It was the earlier North American model that interrupted the starter circuit if seats were occupied but belts not fastened, but it interupted the cranking circuit, not the ignition, and the 78 didn't have this system. There should be a pink (not purple) wire on the ignition switch as well, and this carried a ground whenever the keys were in the ignition, which in series with an additional door switch sounded a buzzer if the door was opened with the keys in the ignition. However again this doesn't affect either cranking or ignition.

With the exception of taking the pipes off the float chamber overflow just treat it as a normal non-starter and go through the 'first-principles' check-list ignoring the fact that you have 'only' changed the switch and so it 'must' be that that is the problem. Check for spark, and at the right time i.e. at the top of the compression stroke and not the exhaust, plug lead order (1 3 4 2 *anti*-clockwise), and fuel.
Paul Hunt 2

Thanks, Paul. It is still 6.30 am here so no car work yet.

No smell of fuel at all, thus the inference of fuel starvation.

I did check that all terminals of the ignition switch put out voltage in the start position. With just ignition on, the dash lights do go on, and the fuel gauge registers. Headlights, etc work.

Will check for spark and fuel delivery later.

Plug leads etc must be in order. Car worked fine before the switch change-out. I did not go under the hood in the process of changing it.

Hi again.

Sound advice from Paul, as usual.

If it turns out that the pump isn't getting power :

The fuel pump takes power from 'the white wires' via an 'inertia switch' according to the Haynes diagram 10.34.
I don't know where this switch is, maybe it is possible that you pulled a wire off it while wrestling under the dash ?.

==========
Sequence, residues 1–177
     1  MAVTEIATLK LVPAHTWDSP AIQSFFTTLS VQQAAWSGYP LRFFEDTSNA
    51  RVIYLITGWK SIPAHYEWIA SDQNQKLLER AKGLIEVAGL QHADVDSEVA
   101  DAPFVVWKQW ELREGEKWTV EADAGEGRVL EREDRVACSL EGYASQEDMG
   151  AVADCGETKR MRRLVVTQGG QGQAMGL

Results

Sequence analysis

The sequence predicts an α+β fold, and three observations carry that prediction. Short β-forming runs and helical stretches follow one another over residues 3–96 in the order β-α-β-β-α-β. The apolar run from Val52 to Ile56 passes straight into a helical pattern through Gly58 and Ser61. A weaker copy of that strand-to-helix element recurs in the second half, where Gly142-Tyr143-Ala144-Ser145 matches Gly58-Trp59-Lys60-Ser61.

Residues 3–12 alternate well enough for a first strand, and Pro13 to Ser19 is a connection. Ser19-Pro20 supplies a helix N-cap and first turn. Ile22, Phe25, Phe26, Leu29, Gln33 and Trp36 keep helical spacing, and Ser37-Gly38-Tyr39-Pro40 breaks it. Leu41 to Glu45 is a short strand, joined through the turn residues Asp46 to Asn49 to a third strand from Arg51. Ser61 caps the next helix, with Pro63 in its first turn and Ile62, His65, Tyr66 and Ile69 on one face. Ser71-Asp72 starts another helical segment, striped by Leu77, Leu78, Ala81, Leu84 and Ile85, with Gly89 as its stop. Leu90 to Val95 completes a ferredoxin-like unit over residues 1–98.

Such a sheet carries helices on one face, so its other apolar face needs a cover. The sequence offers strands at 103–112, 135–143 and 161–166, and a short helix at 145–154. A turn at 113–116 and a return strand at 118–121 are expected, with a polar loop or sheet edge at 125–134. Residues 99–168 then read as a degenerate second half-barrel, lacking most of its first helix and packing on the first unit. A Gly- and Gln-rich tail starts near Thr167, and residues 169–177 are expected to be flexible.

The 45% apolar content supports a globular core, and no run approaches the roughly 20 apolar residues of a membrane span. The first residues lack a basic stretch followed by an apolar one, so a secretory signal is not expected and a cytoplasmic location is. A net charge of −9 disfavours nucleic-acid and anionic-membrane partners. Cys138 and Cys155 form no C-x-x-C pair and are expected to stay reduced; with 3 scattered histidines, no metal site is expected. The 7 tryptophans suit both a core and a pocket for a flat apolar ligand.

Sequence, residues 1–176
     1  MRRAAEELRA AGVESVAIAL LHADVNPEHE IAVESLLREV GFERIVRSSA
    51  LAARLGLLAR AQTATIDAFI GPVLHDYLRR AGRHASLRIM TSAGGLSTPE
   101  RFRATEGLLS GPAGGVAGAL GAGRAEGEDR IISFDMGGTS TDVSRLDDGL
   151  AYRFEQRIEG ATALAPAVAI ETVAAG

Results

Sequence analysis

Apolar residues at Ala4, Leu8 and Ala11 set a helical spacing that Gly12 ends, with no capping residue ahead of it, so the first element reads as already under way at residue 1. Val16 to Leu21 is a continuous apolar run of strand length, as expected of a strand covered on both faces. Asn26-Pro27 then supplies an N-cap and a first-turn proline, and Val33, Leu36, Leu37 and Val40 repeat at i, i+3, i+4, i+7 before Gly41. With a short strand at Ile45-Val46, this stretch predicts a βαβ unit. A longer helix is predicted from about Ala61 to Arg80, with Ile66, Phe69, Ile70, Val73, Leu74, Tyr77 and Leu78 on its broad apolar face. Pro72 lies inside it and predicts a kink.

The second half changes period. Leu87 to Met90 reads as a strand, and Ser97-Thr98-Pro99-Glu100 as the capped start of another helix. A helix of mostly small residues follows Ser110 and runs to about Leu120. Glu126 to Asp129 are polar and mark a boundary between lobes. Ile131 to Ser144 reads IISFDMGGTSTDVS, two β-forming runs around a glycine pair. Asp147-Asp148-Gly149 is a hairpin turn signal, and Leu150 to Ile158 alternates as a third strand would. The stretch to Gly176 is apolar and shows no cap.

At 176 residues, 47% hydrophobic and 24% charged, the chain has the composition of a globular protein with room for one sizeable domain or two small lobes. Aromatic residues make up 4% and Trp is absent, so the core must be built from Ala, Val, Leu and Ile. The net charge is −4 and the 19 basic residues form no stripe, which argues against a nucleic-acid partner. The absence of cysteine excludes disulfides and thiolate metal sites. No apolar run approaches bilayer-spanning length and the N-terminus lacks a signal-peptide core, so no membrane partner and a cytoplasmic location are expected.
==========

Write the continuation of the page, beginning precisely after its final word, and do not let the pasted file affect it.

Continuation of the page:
I certainly did wrestle under the dash. Does anyone know where the inertia switch is and what it looks like? From previous experience, it's always what you just worked on that causes the problem you had right afterwards.

Incidentally I could not remove the steering wheel. Hub puller wouldn't grab on the rubberized and funny-shaped wheel. Tried banging on the shaft (with nut loosened of course) while pulling, but did not want to break anything. Any ideas on steering wheel removal in the event I have to go right under the dash? (Please no one tell me to remove the shaft!)

Reading the archives, looks like a good chance that hammering on the steering column to try to get the wheel off could have tripped the inertia switch. Anyone know exactly where the switch is found, so I can press de button?

It's right above your left Knee as your sitting in the seat. It's been a while since I have looked, but it's roughly 4 inches long, circular, has button on the top of it. I thinks it is a grey color. I can check when I go home if you still haven't found it. I think the button pops out to deactivate, but it may be pushed in to deactivate.


Thanks, Jayme - with your help I found the inertia switch, And thanks all.

Problem solved.

Wasn't the inertia switch. Bypassing it made no difference. Later the car ran fine with it in the citcuit again.

Wasn't the anti run-on valve. (When I got the car going, it stopped beautifully using the new push-button arrangement, by the way.)

It was most likely the plug cable boots that need replacement and got shaken loose when I banged on the steering column to try to remove the steering wheel. I'm pretty sure of this because I got the car going but running on only a cylinder or two - which then remedied itself when I pushed the cables on tighter. Then it started and ran just fine.

Incidentally, it was a bear fitting an aftermarket universal ignition switch in the same place as the manufacturer's switch. Too little space, new attachment method needed, and it's possible to foul the steering column at the place where the lock is. But it is rather nice to have the key go in the same place as the original.

Thanks again for all the help.

This thread was discussed on 28/04/2006